Argument: But surely only part of the mind is a real-time control system. Our higher mental capacities like language, social interaction, conscious reflection, planning, reasoning, arguing on blogs, etc. are seemingly uncoupled from the real time nature of the lower quick-reactive support system.
In fact, one might prefer to think in terms of a simplified layered architecture in which the lower layer is real-time (and perhaps itself split between hard real-time and soft real-time). The upper layer contains all those capacities of mind which aren’t real-time.
However, as Albus  has proposed, an engineered mind may have response time constraints throughout the entire hierarchy that are due to the nature of real-time control systems. In his example, you start at the bottom servo layer with a 30 millisecond short term memory or planning horizon (sensory sample and output update intervals of 3 milliseconds). Every layer going up has an approximate order of magnitude increase in time scale. Level 2 is 300 milliseconds memory and planning with a 30 millisecond detection and command interval, Level 3 is 3 seconds with 300 milliseconds intervals, and so on until you get to Level 7 in which the time scale is for an entire day.Another consideration is that the pressures of real-world time constraints could result in high frequency “dumb” reactions being better for a creature than low frequency “smart” decisions:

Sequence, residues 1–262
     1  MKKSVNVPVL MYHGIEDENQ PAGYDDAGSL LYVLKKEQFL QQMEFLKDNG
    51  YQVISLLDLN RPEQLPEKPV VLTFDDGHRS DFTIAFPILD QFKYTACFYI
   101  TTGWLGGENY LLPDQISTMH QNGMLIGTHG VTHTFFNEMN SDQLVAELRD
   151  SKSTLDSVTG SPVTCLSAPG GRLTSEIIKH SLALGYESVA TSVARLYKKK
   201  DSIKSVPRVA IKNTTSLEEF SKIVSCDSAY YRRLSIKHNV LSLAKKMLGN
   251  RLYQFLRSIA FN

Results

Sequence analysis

For example, it may be necessary to avoid a hazard before there is time to assess all possible paths for avoidance. Such actions may be suboptimal when considered in the absence of time constraints. However, when time is taken into account, these actions may be the best possible under the given circumstances. Taking the time to assess the alternatives may leave no time to execute the best alternative once it is found .
So…at the very least there is a real-time control layer in all minds. For the more intelligent minds like humans, the real-time reaction requirements may time-constrain the higher layers. Slower but smarter assimilation and decision-making is often trumped by reliable fast ignorant behaviors in real-world contexts.
 D.W. Payton & T.E. Bihari, “Intelligent Real-Time Control of Robotic Vehicles,” COMMUNICATIONS OF THE ACM, August 1991, Vo1.34, No.8.
 S. Thrun, J. Canny, S. Russell & P. Norvig, Artificial Intelligence: A Modern Approach, 2nd Ed. Prentice Hall, 2002.
 J.S. Albus, “Outline for a Theory of Intelligence,” IEEE TRANSACTIONS ON SYSTEMS, MAN, AND CYBERNETICS, VOL. 21, NO. 3, MAY/JUNE 1991.cognitive architecture, cognitive science, control systems, mind, real-time